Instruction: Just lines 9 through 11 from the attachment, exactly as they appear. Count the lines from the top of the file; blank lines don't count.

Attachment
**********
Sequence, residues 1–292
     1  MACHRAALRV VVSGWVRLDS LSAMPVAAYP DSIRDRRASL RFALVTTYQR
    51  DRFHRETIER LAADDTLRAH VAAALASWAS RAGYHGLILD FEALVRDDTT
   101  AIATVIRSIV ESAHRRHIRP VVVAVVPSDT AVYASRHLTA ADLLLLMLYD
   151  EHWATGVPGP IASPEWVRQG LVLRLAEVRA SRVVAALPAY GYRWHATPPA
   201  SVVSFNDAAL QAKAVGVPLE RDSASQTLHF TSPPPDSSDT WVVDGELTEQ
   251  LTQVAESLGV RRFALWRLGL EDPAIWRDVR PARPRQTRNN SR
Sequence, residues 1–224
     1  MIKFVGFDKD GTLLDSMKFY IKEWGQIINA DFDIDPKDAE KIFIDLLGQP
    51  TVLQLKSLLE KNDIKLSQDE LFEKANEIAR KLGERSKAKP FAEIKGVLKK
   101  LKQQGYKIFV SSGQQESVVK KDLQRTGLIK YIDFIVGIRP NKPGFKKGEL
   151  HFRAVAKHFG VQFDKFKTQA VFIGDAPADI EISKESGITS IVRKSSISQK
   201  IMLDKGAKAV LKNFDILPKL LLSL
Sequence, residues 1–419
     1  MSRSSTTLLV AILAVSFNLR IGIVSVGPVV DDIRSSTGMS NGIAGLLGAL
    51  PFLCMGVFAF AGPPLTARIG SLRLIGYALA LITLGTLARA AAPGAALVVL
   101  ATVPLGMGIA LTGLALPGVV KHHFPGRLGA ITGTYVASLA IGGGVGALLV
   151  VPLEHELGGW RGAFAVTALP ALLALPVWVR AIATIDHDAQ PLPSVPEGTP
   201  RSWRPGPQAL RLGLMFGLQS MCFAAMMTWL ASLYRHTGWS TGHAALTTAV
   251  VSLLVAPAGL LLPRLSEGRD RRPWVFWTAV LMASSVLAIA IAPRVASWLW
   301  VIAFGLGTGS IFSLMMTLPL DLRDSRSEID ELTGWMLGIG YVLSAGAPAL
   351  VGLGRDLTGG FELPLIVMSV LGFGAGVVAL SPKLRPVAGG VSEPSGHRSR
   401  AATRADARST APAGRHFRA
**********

     1  MIKFVGFDKD GTLLDSMKFY IKEWGQIINA DFDIDPKDAE KIFIDLLGQP
    51  TVLQLKSLLE KNDIKLSQDE LFEKANEIAR KLGERSKAKP FAEIKGVLKK
   101  LKQQGYKIFV SSGQQESVVK KDLQRTGLIK YIDFIVGIRP NKPGFKKGEL